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- Moving to the Cloud. What's the best approach for me
- Navigating Tough Choices in Government Cloud Computing
- The New Generation of Database
- Satellite Communications: Acquiring SATCOM in Tight Times
- Targeting Advanced Threats: Proven Methods from Detection through Remediation
- Transformative Technology: Desktop Virtualization in Government
- The Truth About IT Opex and Software Defined Networking
- Value of Health IT
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- National Cybersecurity Awareness Month
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Search Tags: Atlantic Council
Back in 2012, then-defense secretary Leon Panetta warned of a catastrophic cyber attack that could cripple an entire nation or its military. He called it a cyber Pearl Harbor. It was emblematic of a lot of the conventional wisdom that's built up around cyber warfare over the past decade or so. In a recent op-ed, Jay Healey challenges some of that conventional wisdom. Healy is director of Cyber Statecraft Initiative at the Atlantic Council. On In Depth with guest host Jared Serbu, he argued not only is deterrence possible in cyberspace, it's been a reality for a couple decades now.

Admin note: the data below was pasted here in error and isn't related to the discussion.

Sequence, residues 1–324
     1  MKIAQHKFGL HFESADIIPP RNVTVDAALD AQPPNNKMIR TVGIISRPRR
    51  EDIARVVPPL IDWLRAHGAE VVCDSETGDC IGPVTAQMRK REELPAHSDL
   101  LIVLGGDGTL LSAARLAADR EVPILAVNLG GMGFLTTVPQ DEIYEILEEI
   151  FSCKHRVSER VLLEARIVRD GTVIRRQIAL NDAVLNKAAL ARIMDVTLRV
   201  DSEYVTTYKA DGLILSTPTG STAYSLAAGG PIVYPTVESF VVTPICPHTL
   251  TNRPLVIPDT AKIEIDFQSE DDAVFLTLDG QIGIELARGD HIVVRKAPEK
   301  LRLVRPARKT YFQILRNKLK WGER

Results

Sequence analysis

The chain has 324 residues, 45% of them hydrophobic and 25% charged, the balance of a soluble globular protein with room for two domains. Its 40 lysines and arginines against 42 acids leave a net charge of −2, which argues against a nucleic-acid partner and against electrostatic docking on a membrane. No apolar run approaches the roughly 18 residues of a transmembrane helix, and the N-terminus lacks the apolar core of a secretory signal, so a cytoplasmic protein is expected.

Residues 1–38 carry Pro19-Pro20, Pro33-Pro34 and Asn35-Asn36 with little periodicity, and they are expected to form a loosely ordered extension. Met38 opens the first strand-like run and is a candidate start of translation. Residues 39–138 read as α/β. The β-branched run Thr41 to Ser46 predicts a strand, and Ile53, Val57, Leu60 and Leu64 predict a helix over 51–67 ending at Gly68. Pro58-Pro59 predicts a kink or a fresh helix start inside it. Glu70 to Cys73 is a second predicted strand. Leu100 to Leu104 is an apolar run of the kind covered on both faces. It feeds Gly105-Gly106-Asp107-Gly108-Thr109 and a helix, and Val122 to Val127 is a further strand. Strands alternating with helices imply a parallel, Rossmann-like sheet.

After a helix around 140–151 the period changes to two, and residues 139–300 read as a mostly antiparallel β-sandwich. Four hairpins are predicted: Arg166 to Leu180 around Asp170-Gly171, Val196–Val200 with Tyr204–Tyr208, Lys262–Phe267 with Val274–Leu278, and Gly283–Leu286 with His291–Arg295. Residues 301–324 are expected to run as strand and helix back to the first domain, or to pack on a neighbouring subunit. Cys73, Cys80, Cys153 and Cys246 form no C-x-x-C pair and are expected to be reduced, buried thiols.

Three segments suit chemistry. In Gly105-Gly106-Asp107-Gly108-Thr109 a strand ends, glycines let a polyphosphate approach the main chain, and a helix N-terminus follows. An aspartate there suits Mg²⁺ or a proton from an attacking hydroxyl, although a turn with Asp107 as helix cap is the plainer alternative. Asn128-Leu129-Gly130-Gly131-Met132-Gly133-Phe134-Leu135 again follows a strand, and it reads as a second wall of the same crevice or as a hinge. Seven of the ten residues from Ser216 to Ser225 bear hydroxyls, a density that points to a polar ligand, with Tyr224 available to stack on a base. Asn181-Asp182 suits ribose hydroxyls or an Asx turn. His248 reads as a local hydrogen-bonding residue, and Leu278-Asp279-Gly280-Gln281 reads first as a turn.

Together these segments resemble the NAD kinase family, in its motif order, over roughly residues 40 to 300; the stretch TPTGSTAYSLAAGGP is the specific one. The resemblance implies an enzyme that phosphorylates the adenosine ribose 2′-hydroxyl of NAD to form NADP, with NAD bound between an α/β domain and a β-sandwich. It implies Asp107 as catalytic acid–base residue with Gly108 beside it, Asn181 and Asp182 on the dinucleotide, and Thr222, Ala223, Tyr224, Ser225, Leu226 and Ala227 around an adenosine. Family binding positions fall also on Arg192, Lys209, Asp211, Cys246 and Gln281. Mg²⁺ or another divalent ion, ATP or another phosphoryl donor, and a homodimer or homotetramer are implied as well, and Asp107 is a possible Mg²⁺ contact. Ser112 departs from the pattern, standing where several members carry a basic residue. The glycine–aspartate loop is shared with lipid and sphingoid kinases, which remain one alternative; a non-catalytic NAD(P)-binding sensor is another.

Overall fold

Former Deputy Defense Secretary Bill Lynn says the Pentagon needs to adjust its strategy to take advantage of the global and commercial technology markets.
After a five-year period during which the Air Force had no Senate-confirmed official at the top of its acquisition chain, the service finally has a leader in place. Dr. William LaPlante was confirmed in February as assistant secretary for acquisition. In a speech at the Atlantic Council last week, he outlined his five main priorities. Arnold Punaro introduced LaPlante at that event; he explained the potential for defense acquisition reform on In Depth with Jared Serbu.
Congress is closer to cybersecurity legislation that tries to protect infrastructure from attacks. But Congress, and all the other organizations that make policy that affects the Internet, may be asking the wrong questions. Jay Healey, director of the Cyber Statecraft Initiative at the Atlantic Council, writes about the future of cybersecurity in National Interest Magazine. He explains on In Depth with Francis Rose what questions Congress should be asking.
Both the Pentagon and Congress are missing a critical piece of national security strategy in the fiscal 2015 National Defense Authorization Act. Barry Pavel, vice president of the Atlantic Council and director of the Brent Scowcroft Center on International Security, joined Francis Rose for Pentagon Solutions. Barry writes policymakers need to consider a formal strategy to address the power of the individual.
Jason Healey, the director of the Cyber Statecraft Initiative for the Atlantic Council, endorsed an approach that would turn how government and the private sector work together to battle cyber threats on its head.
On the In Depth show blog, you can listen to the interviews, find more information about the guests on the show each day and links to additional resources.